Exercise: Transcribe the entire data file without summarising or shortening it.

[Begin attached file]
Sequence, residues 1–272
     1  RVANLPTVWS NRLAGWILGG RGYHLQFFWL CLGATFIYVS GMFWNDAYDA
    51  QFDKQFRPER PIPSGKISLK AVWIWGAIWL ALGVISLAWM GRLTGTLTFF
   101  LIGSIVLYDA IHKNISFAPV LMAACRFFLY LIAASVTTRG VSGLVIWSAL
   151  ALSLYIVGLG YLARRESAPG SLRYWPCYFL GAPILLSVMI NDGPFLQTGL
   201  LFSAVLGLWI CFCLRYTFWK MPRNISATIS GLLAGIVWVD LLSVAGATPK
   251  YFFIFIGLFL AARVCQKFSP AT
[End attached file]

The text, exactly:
Sequence, residues 1–272
     1  RVANLPTVWS NRLAGWILGG RGYHLQFFWL CLGATFIYVS GMFWNDAYDA
    51  QFDKQFRPER PIPSGKISLK AVWIWGAIWL ALGVISLAWM GRLTGTLTFF
   101  LIGSIVLYDA IHKNISFAPV LMAACRFFLY LIAASVTTRG VSGLVIWSAL
   151  ALSLYIVGLG YLARRESAPG SLRYWPCYFL GAPILLSVMI NDGPFLQTGL
   201  LFSAVLGLWI CFCLRYTFWK MPRNISATIS GLLAGIVWVD LLSVAGATPK
   251  YFFIFIGLFL AARVCQKFSP AT